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Ask HN: What do you do during your commute?
17 points by alltakendamned on Nov 30, 2015 | hide | past | web | favorite | 31 comments
Hi HN,

I'll start commuting one hour by train each way this week.

What do you do during your commute by public transport to keep yourself busy or the commute pleasant ? Do you use any specific mobile phone apps ? Preparing reading material for later reading ?

Shoot !

10-20 mins bike ride via bike share - I use Overcast to listen to podcasts at 2x+ speed, shorten silences, and voice boost. Since I'm biking, somehow the speed of bike matches really well.

On Caltrain, I tether my wi-fi. If you're on the fastest bullet, don't bother trying to get internet, it doesn't work. Otherwise, the moderately fast bullet or the regular trains will give you reasonable internet to answer email.

Oh, I also use VLC with a tv show or movie and watch at 1.25-2X speed so that I can watch a whole thing in a fairly short span of time. You'll realize it works pretty well.

Additionally, I swear by Pocket (which also reads articles to you), Voice Dream (which integrates with a bunch of other things and can read to you as well at a fairly fast clip). If I'm reading, I'll also use the Kindle app or potentially have my Kindle with me.

If I'm reading an online article, I've been trying to train myself with Spreed so that I'm reading faster.

I've seen others just play games on their mobile devices or use dating apps - both of which seem to magically make the commute disappear.

Now I am stressed from reading this

My style is to consume less but more deeply. I wouldn't get anything out from a fastened show.

I commute by bike through central London (Zone 4 to Zone 1). While I try to avoid busy roads (and roads at all, when I can), I don't feel like I'd be able to listen to something while biking and still be safe.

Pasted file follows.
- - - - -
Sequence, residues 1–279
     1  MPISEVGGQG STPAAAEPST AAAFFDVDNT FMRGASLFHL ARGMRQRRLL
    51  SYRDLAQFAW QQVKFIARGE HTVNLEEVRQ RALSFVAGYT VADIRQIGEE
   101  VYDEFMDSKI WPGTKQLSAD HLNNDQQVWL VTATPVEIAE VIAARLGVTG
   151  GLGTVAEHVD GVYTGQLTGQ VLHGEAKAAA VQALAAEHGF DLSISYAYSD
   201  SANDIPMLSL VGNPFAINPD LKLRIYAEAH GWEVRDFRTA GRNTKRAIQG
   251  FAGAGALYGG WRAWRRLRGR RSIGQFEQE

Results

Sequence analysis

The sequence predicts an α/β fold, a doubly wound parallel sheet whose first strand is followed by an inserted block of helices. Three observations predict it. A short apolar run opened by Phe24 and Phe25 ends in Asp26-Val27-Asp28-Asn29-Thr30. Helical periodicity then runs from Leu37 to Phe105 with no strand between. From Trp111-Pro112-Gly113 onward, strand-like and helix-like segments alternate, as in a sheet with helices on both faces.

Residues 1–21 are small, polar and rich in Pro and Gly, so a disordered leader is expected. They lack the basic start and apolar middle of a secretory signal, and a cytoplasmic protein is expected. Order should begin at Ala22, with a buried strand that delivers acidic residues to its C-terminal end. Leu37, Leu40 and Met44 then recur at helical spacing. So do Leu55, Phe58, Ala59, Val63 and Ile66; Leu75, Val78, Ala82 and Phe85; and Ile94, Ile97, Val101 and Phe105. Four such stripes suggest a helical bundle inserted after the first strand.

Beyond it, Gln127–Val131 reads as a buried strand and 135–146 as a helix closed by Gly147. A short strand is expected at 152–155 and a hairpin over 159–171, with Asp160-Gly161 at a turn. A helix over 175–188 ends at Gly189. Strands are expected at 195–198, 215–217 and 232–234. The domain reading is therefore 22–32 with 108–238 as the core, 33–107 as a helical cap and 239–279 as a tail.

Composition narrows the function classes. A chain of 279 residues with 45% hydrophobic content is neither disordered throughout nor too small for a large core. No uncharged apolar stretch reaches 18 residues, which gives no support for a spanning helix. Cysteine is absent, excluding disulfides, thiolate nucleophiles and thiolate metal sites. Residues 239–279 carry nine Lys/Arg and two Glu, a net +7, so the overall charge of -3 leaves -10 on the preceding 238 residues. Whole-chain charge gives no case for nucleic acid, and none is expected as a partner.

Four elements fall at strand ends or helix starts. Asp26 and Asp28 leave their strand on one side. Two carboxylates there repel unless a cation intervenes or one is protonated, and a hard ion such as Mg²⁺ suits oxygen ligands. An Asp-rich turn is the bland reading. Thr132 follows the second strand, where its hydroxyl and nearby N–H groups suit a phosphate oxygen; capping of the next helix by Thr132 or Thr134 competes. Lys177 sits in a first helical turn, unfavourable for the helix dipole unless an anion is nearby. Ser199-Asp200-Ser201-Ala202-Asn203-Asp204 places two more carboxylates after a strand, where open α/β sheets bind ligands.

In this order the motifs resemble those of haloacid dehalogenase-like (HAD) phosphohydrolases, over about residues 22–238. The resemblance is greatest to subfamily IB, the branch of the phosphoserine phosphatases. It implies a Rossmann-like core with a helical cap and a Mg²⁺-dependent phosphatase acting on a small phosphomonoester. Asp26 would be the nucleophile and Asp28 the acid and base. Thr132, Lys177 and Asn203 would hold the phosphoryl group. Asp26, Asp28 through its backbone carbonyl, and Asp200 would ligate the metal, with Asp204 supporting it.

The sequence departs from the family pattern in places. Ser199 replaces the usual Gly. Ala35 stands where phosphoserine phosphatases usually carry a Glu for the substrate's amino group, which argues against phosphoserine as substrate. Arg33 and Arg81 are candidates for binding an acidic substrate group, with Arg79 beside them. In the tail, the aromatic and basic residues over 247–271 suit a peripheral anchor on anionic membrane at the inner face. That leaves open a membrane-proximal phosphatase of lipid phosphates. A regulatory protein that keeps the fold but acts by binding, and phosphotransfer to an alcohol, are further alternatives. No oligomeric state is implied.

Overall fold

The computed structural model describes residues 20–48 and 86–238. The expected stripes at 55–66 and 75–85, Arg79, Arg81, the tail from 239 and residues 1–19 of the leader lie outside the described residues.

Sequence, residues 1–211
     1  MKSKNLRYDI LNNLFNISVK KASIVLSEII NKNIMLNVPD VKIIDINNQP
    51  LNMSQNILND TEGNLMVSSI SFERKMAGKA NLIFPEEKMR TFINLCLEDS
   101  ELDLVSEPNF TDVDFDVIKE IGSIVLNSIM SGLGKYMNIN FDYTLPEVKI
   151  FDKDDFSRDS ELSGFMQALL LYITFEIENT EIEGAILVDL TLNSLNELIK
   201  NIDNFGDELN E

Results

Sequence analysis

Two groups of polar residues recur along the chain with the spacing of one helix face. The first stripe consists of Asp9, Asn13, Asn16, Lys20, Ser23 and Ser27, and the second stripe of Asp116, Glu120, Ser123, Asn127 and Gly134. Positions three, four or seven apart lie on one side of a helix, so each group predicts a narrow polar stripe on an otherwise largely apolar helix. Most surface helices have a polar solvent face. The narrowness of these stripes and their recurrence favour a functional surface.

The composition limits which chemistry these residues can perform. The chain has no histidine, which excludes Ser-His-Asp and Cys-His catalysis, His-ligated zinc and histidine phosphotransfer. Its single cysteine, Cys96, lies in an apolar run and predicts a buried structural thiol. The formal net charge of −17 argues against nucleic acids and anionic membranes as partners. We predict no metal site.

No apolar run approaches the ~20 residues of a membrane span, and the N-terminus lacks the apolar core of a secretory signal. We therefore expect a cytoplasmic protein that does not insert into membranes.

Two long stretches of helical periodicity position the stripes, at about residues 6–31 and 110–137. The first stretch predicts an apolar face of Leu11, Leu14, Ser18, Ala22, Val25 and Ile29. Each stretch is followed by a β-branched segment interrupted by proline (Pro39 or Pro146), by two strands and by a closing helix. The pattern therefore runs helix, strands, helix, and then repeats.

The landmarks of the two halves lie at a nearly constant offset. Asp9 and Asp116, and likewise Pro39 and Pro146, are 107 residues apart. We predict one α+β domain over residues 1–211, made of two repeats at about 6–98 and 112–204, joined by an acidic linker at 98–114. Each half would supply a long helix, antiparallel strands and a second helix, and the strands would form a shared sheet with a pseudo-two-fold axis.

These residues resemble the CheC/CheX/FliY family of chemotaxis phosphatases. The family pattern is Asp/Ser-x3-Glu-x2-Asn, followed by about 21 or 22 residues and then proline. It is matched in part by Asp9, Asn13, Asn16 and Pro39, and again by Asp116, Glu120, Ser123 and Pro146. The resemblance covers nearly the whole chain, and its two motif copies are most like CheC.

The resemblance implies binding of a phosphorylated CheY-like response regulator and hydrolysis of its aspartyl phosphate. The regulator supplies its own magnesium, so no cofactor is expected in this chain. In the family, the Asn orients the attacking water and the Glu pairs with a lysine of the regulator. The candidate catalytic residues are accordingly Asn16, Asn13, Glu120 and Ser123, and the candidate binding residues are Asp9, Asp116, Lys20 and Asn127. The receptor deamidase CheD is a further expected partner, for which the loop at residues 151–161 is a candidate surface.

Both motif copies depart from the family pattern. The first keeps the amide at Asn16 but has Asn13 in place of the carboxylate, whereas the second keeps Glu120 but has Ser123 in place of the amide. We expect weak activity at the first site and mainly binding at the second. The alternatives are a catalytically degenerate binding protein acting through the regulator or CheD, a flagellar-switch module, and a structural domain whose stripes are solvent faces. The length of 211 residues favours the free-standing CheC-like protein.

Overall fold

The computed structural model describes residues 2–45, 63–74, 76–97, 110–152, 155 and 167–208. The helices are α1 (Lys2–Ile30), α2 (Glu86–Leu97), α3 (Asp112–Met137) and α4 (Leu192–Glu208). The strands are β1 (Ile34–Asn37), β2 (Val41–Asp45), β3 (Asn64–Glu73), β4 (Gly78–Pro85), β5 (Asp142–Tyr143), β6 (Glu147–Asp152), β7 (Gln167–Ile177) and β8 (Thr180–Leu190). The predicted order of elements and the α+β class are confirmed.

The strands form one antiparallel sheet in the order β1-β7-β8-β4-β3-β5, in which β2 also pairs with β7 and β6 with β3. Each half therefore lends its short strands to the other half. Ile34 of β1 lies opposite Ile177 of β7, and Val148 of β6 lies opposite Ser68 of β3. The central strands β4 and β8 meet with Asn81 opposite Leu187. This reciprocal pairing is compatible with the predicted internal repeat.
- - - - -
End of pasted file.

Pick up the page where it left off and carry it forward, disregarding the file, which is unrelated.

Is your bike route quiet enough that you feel safe listening & biking?

I have this habit of saving articles which takes longer than 2 minutes to read to my Pocket(any other reading app for you) and I go through the list while I commute.

Other than that, I like to watch 20-25min TV Shows ( Older ones like Futurama, or Rick and Morty ) if I don't want to read.

I'm fortunate enough to have a 5 min commute each way (20 min if I walk), however I recommend to approach this like an enormous gift: you suddenly have ten hours every week with no distractions. What do you want to learn but have never had time to? What have you always wanted to do but didn't have time? Write a book? Start a blog? Learn a language? Read all the classic books? Learn to knit?

Think about what you want to accomplish with all that time and then build from there- do you want to use the hour in the morning to get a leg up on your workday? Do you want to use the hour in the evening to relax from work fully so you can jump into chores/hobbies when you get home?

I work from home, but I'll still often do a "commute" if the weather is nice.

Here's a recent one, involving a quick six mile mountain bike loop in the hills, with a pause in the middle to fit in a 36 problem bouldering circuit:


As nice as it is to have that extra couple hours of free time each day to spend with the family, it's still a good plan to fill it up with some time for yourself every once in a while.

I read books, catch up on news articles if need be, or doze off. Special phone apps? Just a RSS app of your choice.

I like to listen to podcasts. Here's my list: Welcome to Nightvale - has to be heard to be understood. It's very strange.

Cat & Cloud - It's a podcast about the specialty coffee world & community

I Brew My Own Coffee - A podcast about coffee brewing, tasting, and lifestyle.

Lore - A Podcast that explores the facts behind scary stories, myths, and stuff.

Radiolab - An awesome podcast that is super cool and rad.

This Developer's Life - Like This American Life but for developers. Stories from around the development community on different topics.

Well, it is a 40 foot walk from our bedroom to my home office. During my commute I stop to play with our pet parrot for a few minutes and get some coffee.